It seems everyone in the world of tech is talking about the metaverse. But what exactly is the metaverse? While the possibilities for what it might become are seemingly limitless, the current notion is that it will be a 3-dimentional world in which users interact with each other and the environment, often via avatars. It can be used for many applications including business, social, or gaming — and Roblox (NYSE:RBLX) is all about gaming. The company provides a platform where users can create or play games for free. Roblox then makes most of its revenue by selling in-game “Robux,” which can be used to make purchases that enhance the user’s experience.
Investors are looking for the best stocks to get exposure to this growing industry. Many companies have a small amount of exposure, or might dabble a bit, but Roblox is a pure metaverse growth stock. Does this make it a buy?
The bullish case
Roblox’s revenue has exploded with a nice assist from the pandemic; however, there are signs that this is just the beginning. In Q3 2019, the company made just $131.1 million. Two years later, revenue for Q3 2021 came in at $509.3 million. This amounts to a compound annual growth rate (CAGR) of 97%.
Roblox is also producing positive cash flow from operating activities (CFO), with over $181 million produced in Q3 2021 alone. Over the last four quarters, the company has produced $715.9 million in CFO — not too shabby. Daily active users (DAU) continue to increase as well, with Q3 2021 showing 31% year-over-year growth to 47.3 million DAU. More than half of all users are now over the age of 13, as opposed to before the pandemic, when most users were under 13. This is encouraging, as adults will generally have more spending power. Engagement hours are also steadily climbing. This was true before the omicron variant and shows that Roblox will have staying power after the pandemic. The metaverse is the future of gaming, and Roblox has a tremendous platform. Roblox stock is set to be a long-term winner despite short-term macroeconomic headwinds.
The bearish case
Undoubtedly, Roblox has executed a terrific strategy to grow revenues during the pandemic. The user base increases are also impressive. However, the company has not proven that it has a profitable long-term model, and there are several concerning signs.
First, revenue growth is already slowing. In Q1 2021, Roblox posted 140% year-over-year revenue growth. In the following quarters, this has declined steadily to 127% in Q2 2021 and then 102% in Q3. This trend will likely continue in Q4 and beyond. Next, the company’s net loss is increasing. In Q3 2020, the company lost $48.6 million. This loss mushroomed to $74 million in Q3 2021. If the company struggles to make a profit during a pandemic, when users have fewer other entertainment options, this does not bode well for the future.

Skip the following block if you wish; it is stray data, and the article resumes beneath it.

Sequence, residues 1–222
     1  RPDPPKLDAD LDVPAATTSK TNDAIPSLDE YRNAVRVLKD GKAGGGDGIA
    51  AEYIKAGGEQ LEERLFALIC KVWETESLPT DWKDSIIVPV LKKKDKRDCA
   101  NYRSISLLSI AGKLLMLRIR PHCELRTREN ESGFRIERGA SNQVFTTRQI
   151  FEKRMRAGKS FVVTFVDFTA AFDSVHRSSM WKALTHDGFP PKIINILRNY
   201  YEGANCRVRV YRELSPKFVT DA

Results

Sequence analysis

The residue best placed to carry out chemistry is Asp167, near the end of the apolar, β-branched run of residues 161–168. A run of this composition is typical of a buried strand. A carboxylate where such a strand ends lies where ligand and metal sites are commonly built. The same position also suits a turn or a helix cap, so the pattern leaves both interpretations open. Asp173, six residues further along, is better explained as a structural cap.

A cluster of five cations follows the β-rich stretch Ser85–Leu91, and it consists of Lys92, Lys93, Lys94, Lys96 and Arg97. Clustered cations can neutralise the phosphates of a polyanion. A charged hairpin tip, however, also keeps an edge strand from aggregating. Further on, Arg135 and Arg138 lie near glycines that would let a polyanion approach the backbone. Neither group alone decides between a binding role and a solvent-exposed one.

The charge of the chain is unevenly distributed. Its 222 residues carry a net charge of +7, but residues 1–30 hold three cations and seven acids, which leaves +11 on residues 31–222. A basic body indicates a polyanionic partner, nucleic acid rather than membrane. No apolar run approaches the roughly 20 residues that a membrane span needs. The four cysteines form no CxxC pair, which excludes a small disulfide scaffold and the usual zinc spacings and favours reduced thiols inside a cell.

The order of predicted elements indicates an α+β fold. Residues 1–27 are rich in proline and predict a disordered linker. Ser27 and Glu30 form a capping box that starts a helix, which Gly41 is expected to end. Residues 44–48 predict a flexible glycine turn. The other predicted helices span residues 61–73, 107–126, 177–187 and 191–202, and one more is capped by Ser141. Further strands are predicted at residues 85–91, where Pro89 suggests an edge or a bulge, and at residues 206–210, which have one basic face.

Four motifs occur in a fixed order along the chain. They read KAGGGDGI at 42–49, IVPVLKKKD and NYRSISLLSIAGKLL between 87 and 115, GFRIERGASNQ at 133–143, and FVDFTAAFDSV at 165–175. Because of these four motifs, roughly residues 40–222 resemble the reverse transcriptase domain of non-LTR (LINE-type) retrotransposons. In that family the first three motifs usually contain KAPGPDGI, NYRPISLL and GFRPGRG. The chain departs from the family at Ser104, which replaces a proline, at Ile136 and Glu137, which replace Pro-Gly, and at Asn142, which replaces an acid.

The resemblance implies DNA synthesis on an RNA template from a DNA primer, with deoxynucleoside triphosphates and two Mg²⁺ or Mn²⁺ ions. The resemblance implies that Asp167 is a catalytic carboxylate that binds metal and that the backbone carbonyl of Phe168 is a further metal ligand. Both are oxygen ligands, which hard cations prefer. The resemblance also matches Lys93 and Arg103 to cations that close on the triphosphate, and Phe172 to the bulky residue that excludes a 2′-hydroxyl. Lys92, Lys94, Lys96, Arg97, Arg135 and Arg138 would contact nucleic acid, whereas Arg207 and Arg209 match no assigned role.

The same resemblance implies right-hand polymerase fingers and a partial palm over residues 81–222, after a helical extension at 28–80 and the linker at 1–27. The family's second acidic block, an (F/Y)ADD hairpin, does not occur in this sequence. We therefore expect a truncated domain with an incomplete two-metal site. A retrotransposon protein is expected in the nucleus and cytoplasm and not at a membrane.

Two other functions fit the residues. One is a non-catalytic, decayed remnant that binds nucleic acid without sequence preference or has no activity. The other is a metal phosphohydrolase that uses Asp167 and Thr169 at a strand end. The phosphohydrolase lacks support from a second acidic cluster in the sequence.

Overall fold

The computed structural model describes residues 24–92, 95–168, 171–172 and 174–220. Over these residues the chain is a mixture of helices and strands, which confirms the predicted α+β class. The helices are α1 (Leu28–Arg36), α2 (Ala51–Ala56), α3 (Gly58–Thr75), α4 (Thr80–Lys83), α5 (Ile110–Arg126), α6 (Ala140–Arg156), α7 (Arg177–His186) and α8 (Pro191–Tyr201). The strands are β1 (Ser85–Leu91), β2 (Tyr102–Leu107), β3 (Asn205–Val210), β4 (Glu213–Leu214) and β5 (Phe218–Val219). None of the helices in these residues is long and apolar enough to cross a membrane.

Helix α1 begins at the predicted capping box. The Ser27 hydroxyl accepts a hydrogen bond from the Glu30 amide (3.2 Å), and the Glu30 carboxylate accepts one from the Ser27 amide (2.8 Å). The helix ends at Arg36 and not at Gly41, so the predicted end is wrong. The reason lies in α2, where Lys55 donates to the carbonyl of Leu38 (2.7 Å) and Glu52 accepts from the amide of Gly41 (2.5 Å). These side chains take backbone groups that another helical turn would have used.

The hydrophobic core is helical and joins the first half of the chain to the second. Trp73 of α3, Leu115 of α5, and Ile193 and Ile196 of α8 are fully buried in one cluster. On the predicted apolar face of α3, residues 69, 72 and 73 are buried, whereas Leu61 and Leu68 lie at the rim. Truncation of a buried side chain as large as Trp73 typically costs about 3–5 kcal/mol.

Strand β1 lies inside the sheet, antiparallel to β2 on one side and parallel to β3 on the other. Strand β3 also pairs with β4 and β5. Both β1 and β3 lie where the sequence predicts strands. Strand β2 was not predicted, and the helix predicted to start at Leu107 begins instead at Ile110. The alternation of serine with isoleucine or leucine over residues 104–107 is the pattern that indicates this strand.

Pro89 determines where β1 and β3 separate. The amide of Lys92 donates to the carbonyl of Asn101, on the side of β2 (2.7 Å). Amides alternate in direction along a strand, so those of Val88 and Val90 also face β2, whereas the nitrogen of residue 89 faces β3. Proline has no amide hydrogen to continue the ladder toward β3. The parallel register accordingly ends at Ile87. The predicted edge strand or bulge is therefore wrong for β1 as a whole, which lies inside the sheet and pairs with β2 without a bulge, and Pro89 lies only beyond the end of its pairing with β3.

Adjusted EBITDA is also falling steadily since Q4 2021, a recent pandemic peak. In that quarter, Roblox reported over $225 million in adjusted EBITDA. That number is down to just $135.7 million in Q3 2021.
The macroeconomic trend is also hurting Roblox stock, and this could continue. The Federal Reserve has turned hawkish amid rising inflation. With inflation near 7% in the U.S., interest rates will soon be on the rise. This has led to increased yields and steep drops for many growth stocks. This headwind could be short-lived; however, Roblox could have much further to fall. The company currently trades at a forward price-to-sales (P/S) ratio of 18. The slowing growth, the downtrend in adjusted EBITDA, and macro conditions make this stock likely to underperform the market for the foreseeable future.
Both the bulls and the bears make a compelling case. One cannot argue with the stellar growth, increasing user base, or impressive gains in cash from operations. However, the company struggles with profitability and may not be able to live up to its current valuation, especially with the difficult macroeconomic environment. Roblox also must prove that it has staying power beyond the pandemic. There are likely better entry points ahead for long-term investors who would look to accumulate shares of Roblox stock.
This article represents the opinion of the writer, who may disagree with the “official” recommendation position of a Motley Fool premium advisory service. We’re motley! Questioning an investing thesis — even one of our own — helps us all think critically about investing and make decisions that help us become smarter, happier, and richer.